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SOCL930: Policy, Publics and Expertise
Module Convenor: David Tyfield
Please note this is a condensed module given over three weeks.
On successful completion of this module students should be able to:
What is the proper role of knowledge and expertise in politics? And whose knowledge and expertise matters? Since Plato argued in The Republic that society is best ruled by wise philosopher-kings, these have been key questions. But in a globalizing, knowledge society increasingly characterised by dispersed communication channels and social media, they assume an unprecedented importance. In this module we will continue this debate, drawing on a range of theoretical resources in the social and historical sciences and a number of contemporary examples, from science, technology, environment and media studies. In what should be lively and interactive seminar-based sessions, students will develop a thorough grounding in a distinctive, ‘Lancaster’ approach to understanding the mediated interaction of knowledge and policymaking. The module will introduce the last 30 years of debates regarding expert knowledge and lay understanding in relation to policy making, and how new ways of thinking about policy (for science and technology in the first instance) are beginning to inform broader policy processes and experiments in the governance of today’s highly technoscientific societies. Sessions are organised into two hour seminars, incorporating an introductory and interruptible lecture together with discussion of a key reading, led by a student presentation.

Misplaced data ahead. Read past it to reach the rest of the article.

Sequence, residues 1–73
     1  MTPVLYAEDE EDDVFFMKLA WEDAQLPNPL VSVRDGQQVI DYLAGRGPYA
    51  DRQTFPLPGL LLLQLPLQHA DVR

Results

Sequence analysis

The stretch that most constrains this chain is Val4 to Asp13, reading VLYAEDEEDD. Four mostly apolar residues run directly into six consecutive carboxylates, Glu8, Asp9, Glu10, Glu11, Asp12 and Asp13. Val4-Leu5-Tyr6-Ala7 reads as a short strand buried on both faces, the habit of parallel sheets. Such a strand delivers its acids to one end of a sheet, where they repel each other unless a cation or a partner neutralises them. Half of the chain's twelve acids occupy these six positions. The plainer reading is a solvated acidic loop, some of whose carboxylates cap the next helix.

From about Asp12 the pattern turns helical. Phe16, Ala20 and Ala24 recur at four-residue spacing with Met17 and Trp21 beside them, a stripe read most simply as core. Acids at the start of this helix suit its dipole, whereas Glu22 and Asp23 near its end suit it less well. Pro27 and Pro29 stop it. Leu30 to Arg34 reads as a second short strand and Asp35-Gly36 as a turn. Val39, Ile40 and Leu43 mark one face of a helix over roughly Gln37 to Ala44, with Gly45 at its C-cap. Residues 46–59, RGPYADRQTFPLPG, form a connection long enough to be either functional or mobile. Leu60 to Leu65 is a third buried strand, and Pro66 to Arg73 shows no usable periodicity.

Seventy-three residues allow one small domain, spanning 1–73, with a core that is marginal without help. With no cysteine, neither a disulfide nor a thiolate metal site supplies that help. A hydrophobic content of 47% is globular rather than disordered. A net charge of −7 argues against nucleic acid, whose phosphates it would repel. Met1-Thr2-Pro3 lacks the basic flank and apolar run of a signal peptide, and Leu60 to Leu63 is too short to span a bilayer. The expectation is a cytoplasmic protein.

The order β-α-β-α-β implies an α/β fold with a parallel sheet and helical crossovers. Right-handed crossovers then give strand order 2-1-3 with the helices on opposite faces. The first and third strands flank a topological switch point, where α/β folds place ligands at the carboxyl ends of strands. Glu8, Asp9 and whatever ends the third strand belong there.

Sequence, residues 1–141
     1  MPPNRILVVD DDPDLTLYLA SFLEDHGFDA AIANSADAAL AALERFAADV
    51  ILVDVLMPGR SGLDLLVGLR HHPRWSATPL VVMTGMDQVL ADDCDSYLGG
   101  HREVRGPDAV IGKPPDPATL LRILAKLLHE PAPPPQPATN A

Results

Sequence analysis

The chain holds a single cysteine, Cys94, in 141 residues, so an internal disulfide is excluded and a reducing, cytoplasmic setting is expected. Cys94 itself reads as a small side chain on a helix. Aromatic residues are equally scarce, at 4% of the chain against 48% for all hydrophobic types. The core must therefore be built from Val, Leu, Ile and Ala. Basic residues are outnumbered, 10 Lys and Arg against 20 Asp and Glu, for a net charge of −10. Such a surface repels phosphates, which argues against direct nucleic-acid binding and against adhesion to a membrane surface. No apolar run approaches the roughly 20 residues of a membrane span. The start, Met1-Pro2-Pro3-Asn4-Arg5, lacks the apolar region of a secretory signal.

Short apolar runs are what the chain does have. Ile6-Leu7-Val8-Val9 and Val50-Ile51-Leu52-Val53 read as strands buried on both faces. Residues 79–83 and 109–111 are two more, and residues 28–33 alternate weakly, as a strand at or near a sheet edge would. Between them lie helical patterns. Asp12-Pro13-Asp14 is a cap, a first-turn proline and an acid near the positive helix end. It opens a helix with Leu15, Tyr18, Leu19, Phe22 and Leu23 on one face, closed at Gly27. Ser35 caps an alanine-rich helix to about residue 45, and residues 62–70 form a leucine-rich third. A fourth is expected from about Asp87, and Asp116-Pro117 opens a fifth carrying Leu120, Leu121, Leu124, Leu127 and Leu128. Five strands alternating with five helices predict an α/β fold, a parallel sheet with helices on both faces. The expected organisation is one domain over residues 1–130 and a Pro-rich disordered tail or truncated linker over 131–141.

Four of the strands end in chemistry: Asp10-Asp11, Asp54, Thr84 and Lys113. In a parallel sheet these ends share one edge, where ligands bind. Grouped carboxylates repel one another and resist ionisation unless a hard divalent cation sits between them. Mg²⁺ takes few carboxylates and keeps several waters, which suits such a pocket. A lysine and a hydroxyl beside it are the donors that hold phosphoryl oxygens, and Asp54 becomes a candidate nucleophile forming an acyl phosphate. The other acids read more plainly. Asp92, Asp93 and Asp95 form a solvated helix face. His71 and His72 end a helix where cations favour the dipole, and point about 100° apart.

Indicative list of topics:
One research essay of up to 5,000 words.
Brown, Mark B. (2009) Science in Democracy: Expertise, Institutions & Representation, Cambridge, MA: MIT Press.
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